Female doctors might produce better results

On Behalf of | Dec 29, 2016 | Medical Malpractice

Montana residents who find themselves receiving non-surgical medical care in a hospital may wish to breathe a sigh of relief if a woman is assigned to be their primary care physician. Researchers from Harvard University studied 1.5 million such cases involving Medicare patients aged 65 or older, and they discovered that patients who were treated by men died more often and were more likely to be readmitted within a month of their release. The study was published online in the medical journal JAMA Internal Medicine on Dec. 19.

The Harvard team filtered their findings to account for variables including the patients’ ages, incomes and genders as well as the training and experience of the physicians treating them. The researchers also checked the data to make sure that the male doctors involved were not assigned a disproportionate number of seriously ill patients to treat. The results of the study indicate that the lives about 32,000 Medicare patients could be spared each year if all non-surgical hospital treatment was provided by female doctors.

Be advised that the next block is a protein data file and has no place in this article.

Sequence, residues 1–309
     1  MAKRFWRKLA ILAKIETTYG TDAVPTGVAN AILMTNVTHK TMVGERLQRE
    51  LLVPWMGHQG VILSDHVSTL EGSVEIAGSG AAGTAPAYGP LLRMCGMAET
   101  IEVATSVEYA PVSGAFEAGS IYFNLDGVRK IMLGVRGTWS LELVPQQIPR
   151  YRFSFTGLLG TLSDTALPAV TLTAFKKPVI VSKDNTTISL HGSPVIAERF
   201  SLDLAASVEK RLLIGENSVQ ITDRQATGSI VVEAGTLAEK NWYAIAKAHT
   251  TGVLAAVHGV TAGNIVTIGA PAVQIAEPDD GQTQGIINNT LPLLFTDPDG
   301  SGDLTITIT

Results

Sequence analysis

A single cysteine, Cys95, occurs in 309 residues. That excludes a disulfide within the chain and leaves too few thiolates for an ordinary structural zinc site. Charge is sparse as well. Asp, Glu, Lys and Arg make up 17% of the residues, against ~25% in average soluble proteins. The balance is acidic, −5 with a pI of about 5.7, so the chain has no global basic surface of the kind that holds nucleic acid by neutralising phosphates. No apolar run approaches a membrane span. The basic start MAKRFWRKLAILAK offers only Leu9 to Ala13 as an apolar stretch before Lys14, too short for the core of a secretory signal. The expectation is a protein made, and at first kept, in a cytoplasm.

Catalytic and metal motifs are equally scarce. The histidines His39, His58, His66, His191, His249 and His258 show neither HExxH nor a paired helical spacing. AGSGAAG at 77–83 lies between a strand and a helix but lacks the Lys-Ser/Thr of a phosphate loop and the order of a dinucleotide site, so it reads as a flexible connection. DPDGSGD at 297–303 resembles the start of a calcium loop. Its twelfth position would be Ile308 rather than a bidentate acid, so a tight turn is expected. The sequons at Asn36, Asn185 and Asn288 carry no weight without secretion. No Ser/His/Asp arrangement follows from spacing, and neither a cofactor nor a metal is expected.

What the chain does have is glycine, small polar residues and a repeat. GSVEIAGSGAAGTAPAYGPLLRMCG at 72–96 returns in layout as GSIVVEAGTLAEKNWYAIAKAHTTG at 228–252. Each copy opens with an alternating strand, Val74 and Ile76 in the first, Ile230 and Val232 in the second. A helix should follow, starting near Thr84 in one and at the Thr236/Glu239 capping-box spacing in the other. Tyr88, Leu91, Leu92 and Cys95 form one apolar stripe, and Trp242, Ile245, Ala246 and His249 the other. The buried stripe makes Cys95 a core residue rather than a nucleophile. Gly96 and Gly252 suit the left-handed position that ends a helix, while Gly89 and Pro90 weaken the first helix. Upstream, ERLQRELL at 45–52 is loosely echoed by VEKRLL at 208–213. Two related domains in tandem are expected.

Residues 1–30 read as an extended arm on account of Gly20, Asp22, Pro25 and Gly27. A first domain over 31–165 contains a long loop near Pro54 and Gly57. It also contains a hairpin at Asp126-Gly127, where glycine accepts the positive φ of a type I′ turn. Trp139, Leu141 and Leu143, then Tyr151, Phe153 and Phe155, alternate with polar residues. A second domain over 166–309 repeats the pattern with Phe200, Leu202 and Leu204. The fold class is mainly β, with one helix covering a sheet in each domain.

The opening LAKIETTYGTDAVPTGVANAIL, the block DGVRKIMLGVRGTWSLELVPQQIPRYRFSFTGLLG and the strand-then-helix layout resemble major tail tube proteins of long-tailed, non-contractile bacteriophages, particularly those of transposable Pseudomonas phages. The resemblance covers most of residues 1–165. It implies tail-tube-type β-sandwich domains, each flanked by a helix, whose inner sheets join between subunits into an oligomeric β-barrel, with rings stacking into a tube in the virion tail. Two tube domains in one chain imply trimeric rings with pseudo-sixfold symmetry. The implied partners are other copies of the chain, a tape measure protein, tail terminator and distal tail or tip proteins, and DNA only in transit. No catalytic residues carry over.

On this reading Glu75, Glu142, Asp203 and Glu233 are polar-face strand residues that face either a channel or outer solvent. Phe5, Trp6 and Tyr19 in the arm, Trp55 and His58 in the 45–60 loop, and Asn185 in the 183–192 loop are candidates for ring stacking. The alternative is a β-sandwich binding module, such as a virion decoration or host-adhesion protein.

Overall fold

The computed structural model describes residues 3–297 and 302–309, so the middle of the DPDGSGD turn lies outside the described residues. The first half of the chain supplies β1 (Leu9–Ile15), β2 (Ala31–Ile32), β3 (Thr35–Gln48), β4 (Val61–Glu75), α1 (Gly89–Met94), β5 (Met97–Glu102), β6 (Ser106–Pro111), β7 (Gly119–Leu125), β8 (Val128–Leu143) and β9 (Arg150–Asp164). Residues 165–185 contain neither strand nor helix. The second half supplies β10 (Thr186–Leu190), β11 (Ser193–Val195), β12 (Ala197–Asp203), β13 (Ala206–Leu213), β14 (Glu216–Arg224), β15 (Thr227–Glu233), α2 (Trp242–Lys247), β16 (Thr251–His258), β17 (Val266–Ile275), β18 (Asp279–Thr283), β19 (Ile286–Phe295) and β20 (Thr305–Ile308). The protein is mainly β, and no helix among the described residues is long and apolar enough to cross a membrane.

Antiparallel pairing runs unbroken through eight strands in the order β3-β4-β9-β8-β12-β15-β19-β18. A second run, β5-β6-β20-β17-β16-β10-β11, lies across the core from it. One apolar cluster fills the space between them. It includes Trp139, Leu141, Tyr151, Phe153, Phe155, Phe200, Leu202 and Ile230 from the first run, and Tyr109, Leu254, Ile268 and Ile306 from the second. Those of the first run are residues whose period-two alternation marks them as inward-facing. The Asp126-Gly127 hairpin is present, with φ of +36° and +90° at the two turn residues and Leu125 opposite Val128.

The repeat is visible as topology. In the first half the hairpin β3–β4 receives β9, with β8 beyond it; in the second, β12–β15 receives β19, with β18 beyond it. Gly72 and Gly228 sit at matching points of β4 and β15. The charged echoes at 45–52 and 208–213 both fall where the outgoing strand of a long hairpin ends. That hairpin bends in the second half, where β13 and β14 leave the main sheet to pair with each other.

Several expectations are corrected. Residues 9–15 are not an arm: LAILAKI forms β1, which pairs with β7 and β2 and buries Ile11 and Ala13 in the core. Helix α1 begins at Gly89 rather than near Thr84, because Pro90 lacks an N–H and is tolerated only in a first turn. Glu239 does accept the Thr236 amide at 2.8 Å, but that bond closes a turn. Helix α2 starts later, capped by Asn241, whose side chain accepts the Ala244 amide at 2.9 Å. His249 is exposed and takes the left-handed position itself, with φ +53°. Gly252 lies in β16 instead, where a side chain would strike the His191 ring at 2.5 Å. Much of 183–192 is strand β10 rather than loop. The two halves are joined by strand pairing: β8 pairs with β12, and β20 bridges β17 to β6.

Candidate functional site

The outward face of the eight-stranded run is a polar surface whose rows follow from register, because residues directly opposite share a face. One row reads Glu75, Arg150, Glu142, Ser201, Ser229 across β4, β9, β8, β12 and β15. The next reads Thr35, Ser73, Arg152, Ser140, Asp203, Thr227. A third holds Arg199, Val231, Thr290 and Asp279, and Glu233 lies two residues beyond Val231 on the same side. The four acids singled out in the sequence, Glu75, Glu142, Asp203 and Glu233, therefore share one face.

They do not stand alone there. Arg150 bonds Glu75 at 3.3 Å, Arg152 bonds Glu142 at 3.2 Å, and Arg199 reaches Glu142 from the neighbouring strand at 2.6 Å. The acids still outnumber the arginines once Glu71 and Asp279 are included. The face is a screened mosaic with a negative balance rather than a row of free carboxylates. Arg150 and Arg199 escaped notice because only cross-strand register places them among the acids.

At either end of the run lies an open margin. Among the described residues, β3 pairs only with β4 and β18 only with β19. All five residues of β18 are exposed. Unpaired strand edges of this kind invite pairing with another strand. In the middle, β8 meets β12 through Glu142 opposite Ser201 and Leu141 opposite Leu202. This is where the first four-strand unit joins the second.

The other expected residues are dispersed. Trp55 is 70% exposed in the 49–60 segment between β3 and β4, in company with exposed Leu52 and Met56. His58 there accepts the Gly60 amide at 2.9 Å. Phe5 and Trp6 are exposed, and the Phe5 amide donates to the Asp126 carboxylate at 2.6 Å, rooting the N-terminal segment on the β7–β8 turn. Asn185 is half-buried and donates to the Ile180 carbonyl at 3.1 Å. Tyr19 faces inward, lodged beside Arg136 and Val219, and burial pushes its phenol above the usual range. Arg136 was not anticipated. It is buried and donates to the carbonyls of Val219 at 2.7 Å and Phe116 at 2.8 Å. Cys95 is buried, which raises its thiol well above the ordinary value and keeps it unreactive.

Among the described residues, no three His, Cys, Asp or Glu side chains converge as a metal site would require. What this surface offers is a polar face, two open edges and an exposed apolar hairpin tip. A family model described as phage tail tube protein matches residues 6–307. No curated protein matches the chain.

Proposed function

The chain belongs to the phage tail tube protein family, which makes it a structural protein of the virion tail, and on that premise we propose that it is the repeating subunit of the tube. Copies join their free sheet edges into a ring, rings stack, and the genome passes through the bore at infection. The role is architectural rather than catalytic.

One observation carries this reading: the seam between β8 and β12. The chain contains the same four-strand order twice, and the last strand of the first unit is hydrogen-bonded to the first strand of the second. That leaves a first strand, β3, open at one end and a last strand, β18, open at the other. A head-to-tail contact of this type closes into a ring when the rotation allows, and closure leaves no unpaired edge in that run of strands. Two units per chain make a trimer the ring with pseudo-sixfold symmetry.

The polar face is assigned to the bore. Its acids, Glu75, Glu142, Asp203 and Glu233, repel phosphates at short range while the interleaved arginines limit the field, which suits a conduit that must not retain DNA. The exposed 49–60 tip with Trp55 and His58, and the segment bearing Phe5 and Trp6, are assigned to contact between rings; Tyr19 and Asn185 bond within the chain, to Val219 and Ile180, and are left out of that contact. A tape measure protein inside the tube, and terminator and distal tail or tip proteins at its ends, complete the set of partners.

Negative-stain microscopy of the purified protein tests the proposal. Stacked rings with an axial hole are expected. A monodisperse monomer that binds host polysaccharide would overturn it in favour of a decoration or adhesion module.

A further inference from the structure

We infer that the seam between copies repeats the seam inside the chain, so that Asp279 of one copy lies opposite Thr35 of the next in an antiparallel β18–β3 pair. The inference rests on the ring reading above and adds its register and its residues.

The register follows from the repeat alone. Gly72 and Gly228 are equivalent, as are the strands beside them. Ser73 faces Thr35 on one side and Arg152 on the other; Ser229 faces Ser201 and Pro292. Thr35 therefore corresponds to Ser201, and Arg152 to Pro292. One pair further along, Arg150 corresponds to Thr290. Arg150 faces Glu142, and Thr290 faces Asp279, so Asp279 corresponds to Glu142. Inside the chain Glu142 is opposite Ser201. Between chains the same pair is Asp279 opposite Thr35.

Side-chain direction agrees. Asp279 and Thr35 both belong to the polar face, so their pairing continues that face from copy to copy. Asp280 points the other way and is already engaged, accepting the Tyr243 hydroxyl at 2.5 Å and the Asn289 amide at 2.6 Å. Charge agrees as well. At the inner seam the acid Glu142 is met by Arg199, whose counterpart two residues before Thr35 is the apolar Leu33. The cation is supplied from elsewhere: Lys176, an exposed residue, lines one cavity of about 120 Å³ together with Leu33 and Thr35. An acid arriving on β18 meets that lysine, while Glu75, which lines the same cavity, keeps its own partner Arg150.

That figure is approximately the number of lives lost in car accidents each year in the U.S., but the researchers were not able to say what it was that allowed female doctors to perform so much better. Prior studies in this area have revealed that male doctors are often quite businesslike with their patients and spend less time speaking with them than woman doctors would. Female physicians also tend to follow hospital guidelines more closely and are less likely to deviate from accepted medical standards.

Hospital patients pay for and expect top-quality care, and doctors or medical facilities could face medical malpractice litigation when mistakes are made and outcomes are poor. Doctors may find themselves in civil courtrooms when the treatment they provided failed to meet agreed-upon standards of care, and hospitals could be sued when the safety of patients was jeopardized by inadequate staffing, lax oversight or insufficient training.

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